Mind you, if O2 could get away with charging that for a music download, chances are it surely would.

SHAKE, BABY, SHAKE: So, since they're saying that Ozzy's involuntary shakes aren't Parkinsons, might we suggest that the reason why he's shaking is the horror of having to duet constantly with Kelly?

Tuesday, October 14, 2003

TWEEDY HAS HER DAY IN COURT: She's claimed that she doesn't even know what a "jigaboo" is, and her story is that she was reaching in her bag to get a quid out to buy the lollipops, and as she was doing so Ms Amogbokpa punched her in the face. "I was shocked really because of what I do. I thought the last thing I need is a mark, I have a live television show today, the last thing I need is a mark on the face so I hit her back."
The case continues.

BANDS TIDYING UP AFTER BUSH: You'll feel your eyes start to bulge at the impressive line-up sonic boomerang have put together for their bread for the city benefit album. Entitled Wellspring, and with all and any profits going to help people in Washington DC who've fallen through the welfare net (or, more accurately, fallen off the welfare tightrope), they've got Cinerama, Bettie Serveert, Barbara Manning, the Mendoza Line and - inevtiably - others all donating sparkling new tracks (except Cinerama, who didn't have the time so gave an almost new track instead.) You might want to buy a copy, or else ponder how a country like the US needs to rely on benefit albums to feed its people.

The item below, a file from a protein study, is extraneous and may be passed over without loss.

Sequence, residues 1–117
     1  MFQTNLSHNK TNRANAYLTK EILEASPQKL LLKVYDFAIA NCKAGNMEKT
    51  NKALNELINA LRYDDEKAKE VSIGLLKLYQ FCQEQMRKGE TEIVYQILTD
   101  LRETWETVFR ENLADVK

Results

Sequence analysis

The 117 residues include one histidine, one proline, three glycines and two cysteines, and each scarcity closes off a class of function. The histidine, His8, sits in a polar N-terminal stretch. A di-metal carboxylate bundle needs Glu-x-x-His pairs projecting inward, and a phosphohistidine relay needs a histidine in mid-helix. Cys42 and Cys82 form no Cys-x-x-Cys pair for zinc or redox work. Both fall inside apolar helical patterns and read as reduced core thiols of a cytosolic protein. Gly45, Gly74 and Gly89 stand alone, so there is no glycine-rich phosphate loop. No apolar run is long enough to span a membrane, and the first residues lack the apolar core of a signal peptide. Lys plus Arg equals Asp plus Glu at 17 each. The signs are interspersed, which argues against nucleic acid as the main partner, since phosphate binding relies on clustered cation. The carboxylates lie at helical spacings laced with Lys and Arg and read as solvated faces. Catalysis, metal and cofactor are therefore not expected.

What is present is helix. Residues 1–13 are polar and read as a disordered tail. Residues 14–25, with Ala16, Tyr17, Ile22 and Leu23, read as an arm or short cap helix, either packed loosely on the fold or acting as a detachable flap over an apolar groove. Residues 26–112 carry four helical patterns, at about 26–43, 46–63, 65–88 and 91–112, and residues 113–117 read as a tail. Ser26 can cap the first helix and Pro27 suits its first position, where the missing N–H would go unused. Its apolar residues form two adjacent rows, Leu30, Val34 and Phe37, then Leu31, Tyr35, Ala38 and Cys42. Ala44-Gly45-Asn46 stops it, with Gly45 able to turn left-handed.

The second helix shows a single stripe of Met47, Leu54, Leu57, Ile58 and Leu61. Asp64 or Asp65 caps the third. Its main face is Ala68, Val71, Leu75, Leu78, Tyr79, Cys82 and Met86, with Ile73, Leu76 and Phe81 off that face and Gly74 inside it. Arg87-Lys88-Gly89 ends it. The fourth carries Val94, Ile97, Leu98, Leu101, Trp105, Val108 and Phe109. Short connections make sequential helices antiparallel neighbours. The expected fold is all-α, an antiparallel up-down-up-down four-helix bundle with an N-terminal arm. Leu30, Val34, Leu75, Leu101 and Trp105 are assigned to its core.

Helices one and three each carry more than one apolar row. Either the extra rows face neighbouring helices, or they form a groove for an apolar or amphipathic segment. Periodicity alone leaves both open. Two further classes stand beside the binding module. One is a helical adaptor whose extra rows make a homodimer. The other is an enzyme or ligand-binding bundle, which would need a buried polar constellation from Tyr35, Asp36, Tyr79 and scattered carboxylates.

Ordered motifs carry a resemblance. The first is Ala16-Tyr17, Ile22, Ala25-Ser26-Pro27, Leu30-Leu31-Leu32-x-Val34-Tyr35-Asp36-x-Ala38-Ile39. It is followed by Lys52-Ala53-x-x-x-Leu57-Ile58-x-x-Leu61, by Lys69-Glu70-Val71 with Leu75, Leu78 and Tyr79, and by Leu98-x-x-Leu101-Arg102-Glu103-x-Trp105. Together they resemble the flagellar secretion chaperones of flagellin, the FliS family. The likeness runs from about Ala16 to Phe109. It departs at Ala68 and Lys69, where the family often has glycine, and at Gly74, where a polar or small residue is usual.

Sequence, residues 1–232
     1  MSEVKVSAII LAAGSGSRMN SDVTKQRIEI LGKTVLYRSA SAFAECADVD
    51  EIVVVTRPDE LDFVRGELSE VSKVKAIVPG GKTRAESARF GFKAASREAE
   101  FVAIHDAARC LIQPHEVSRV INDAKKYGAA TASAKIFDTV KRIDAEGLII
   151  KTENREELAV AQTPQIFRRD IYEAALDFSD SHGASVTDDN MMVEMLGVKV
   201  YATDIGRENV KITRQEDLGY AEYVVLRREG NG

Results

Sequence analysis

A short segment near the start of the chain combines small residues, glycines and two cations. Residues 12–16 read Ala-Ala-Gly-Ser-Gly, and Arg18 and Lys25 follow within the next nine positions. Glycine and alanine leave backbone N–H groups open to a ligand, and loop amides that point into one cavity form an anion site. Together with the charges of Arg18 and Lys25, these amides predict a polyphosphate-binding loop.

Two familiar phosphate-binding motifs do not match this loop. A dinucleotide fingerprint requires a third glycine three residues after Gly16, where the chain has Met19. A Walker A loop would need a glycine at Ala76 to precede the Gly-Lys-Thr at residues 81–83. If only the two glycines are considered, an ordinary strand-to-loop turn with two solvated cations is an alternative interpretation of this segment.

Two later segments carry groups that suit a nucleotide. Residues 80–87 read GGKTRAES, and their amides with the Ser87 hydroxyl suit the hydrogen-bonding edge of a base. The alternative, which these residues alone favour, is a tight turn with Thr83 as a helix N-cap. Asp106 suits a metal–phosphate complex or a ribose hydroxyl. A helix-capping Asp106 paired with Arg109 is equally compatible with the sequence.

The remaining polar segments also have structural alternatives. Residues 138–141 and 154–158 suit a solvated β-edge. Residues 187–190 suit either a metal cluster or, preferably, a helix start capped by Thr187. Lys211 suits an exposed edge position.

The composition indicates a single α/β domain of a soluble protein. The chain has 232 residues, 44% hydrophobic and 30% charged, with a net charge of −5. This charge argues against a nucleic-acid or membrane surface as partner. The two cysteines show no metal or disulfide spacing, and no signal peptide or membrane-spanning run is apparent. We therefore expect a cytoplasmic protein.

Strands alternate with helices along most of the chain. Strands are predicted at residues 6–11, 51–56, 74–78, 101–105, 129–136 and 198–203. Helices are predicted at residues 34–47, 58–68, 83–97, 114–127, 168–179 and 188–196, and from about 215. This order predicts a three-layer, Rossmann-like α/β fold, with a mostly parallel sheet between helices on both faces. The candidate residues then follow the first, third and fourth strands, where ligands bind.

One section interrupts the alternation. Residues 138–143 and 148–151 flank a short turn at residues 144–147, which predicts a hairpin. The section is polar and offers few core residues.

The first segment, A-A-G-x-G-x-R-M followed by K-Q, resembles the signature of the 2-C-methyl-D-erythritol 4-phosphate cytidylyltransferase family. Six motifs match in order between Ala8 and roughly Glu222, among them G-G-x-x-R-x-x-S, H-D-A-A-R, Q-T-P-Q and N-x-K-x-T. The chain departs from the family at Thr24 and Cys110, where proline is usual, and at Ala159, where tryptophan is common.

EVERYTHING'S ALRIGHT... FOREVER: What's not extraordinary is not that Courtney Love's publicist is insisting that that whole overdose/arrest/looking-at-a-year-in-chokey thing has been blown out of proportion - it's that Courtney Love feels the need a publicist. Surely she does that all herself?

THERE WILL BE MORE IN '04: The licence application for Glastonbury 2004 is in, so they're planning on having one. The NME reports that some vague sort of "identity-tagged anti-tout ticket" will be involved, but... nobody quite knows what. Or how.

Monday, October 13, 2003

OH... IT WASN'T A JOKE, THEN: Barry Manilow and Bette Midler really have recorded a 'tribute' album to Rosemary Clooney.

Midler says that she jumped at the chance when Manilow rang her after a dream and suggested it: "I'm a big believer that coincidences happen for a reason. I just decided it was meant to be; there was no reason to pluck the idea to death and think it to dust." (Surely if something is happening for a reason, it's not a coincidence?) So, apparently, the timing was great because her record contract had "only just" expired (two years before).

Next week: Having dropped a tab on top of some Junior Lemsip, Sting has a vision and persuades Claire Sweeney to record the Alma Cogan back catalogue.

RETUNING: More changes at Radio One - Mark and Lard off to Radio 2; Vernon Kay to join from "early next year". It'll be Radio Fucking TipTop back if things carry on like this.

CTRL+ALT+DEL: SunnComm decide to drop lawsuit on the basis that it's suddenly realised that not only does it not have a case, it's basically just spent the last four days publicising that the expensive software it's sold to the record industry as a way to foil those pesky kids can be disabled by holding down a single key ("doesn't want to hamper academic research").